Family members play roles based on position in the family, relationship to the person who is ill, special talents, etc. The person who is the caregiver may be different from the one who handles the money, who may be different from the person who is the information gatherer, who is different from the one who is the decision maker or the one who has some medical background. One person might play several roles. Also, often someone is the “blamer,” and someone else the “blamed.” One person may try to make peace, and another may try to sabotage the process. There will be secrets, old family rivalries, guilt, unequal burdens, differing investments, values and interests. Some will worry about past promises and about someone else not pulling his/her own weight. Everyone will need attention, power, love, control, and appreciation. It can help to acknowledge that there is probably no fair distribution of work and trying to make it even will fail.

 

A narrow focus for each meeting can help alleviate some of the pitfalls. Still, you will have to deal with some of the difficult issues when they get in the way of cooperation. Remember that you can’t resolve long-standing family issues with one such meeting. The task is not to “fix” the family, but rather to have everyone on the same team, as much as possible, in caring for someone who is ill.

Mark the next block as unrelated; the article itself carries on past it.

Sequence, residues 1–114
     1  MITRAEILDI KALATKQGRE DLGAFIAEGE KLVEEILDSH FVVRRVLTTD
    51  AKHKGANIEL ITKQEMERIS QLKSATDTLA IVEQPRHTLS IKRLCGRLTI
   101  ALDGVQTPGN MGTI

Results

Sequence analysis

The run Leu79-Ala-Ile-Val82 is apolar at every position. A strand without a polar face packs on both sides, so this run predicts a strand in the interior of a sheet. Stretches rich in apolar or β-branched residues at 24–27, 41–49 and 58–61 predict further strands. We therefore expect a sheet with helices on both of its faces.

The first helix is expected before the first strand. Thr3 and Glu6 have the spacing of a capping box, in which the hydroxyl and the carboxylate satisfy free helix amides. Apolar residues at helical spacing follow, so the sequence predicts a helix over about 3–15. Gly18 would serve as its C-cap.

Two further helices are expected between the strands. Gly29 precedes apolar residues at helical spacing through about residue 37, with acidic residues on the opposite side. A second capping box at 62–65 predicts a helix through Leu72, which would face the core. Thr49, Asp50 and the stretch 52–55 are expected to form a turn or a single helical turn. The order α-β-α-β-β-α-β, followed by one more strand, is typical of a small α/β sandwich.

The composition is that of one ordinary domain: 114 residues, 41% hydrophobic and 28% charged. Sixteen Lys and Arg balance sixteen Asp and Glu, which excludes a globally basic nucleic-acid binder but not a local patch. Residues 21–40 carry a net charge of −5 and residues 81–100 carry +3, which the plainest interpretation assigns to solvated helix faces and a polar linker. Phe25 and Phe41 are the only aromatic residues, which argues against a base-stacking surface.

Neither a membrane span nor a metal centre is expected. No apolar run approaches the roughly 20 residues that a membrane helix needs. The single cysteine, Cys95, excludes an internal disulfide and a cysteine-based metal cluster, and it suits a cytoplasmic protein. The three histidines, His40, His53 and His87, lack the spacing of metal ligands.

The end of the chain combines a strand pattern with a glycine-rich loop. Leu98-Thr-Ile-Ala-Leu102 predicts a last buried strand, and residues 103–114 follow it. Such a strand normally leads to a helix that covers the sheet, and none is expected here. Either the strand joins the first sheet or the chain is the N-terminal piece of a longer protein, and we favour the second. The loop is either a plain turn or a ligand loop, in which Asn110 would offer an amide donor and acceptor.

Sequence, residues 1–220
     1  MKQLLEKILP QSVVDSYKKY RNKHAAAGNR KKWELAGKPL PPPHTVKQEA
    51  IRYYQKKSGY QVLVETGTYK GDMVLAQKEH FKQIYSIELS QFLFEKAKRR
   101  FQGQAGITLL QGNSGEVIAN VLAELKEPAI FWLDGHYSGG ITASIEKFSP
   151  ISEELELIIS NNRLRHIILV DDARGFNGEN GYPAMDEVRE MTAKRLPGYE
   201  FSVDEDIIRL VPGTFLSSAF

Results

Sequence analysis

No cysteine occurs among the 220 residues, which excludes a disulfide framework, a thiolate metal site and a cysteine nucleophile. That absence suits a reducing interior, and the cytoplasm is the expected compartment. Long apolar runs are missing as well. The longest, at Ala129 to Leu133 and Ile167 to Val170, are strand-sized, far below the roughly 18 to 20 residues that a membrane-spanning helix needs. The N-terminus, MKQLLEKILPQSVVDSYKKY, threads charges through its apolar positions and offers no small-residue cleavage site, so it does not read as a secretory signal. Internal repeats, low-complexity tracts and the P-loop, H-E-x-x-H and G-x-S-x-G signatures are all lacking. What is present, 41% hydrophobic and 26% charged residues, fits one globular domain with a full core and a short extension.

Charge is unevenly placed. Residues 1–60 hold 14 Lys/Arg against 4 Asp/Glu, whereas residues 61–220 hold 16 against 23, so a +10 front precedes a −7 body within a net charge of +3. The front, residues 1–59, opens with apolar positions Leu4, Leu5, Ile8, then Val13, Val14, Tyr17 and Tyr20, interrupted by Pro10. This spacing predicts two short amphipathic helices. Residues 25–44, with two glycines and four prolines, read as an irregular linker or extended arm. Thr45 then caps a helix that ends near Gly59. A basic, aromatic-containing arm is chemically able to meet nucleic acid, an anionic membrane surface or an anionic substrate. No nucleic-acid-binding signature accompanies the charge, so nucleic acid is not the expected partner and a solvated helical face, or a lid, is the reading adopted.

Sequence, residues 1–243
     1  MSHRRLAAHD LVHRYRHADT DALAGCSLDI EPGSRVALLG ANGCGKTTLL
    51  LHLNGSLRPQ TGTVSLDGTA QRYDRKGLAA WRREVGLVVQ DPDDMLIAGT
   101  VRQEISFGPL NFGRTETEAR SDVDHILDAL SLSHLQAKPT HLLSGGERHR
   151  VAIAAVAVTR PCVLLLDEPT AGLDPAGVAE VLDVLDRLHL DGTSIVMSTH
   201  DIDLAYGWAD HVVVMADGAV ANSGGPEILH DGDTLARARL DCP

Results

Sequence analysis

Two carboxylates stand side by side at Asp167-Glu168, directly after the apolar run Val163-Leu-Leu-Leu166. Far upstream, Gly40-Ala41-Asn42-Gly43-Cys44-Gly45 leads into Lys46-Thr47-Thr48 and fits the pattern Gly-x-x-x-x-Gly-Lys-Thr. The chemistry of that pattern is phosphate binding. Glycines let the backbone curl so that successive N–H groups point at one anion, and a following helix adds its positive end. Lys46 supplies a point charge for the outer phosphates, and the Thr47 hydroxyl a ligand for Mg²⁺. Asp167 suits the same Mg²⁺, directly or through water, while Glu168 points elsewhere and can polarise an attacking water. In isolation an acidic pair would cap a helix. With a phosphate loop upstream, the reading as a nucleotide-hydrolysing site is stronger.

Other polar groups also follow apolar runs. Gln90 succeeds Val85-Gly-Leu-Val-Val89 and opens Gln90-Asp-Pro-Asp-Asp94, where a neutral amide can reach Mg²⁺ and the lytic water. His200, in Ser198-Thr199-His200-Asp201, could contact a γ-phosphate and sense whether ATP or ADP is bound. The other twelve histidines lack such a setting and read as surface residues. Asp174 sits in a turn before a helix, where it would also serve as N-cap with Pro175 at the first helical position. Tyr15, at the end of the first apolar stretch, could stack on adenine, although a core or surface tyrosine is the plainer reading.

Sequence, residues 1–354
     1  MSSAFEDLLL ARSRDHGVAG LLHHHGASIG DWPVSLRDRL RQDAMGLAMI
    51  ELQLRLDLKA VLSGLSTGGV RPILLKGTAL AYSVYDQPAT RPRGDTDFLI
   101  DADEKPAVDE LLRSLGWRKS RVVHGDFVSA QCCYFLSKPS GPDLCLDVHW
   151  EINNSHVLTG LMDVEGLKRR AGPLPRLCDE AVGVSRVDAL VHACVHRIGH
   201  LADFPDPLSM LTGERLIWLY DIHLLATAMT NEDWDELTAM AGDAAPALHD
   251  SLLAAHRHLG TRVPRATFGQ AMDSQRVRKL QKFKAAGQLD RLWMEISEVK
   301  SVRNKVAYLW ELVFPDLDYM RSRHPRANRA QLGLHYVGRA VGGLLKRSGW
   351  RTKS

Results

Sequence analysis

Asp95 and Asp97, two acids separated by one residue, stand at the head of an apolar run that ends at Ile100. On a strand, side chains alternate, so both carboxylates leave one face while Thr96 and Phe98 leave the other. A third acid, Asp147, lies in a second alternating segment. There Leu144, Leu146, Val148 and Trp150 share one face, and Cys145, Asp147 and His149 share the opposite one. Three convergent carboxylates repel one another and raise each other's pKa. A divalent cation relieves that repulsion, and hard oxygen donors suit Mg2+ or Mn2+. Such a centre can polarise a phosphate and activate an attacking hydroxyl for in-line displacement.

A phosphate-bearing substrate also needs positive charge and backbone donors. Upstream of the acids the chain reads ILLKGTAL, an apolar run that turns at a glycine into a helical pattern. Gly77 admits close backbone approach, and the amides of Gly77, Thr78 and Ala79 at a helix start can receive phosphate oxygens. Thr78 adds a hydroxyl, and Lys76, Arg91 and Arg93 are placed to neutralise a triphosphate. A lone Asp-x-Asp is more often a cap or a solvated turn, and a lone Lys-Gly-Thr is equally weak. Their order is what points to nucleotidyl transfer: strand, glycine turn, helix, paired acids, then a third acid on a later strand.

If alcohol will detract from the main focus of the meeting or will lead to conflict, it is better not to offer it. However, each family has different ways of communicating, and in some families a drink may make everyone more comfortable and more able to talk. In any case, over-consumption should be avoided.

 

 

Consensus

 

http://opengov.newschallenge.org/open/open-government/submission/consensus-based-governance/gallery/consensus.jpg/

 

Not all the issues inherent in caregiving and decision-making can be solved; sometimes it is important to accept approximations of a good solution. Try to work toward consensus building. Change happens slowly, but when families meet regularly, the seeds that are planted can grow into more productive solutions. Often things do not change until there is a crisis, but the work that has been done during the family meeting will make decision-making easier when the crisis does come. Agreements can be made on a time-limited basis to see if the agreed-upon action will work. Future meetings can be used to evaluate these trials and revise them as necessary.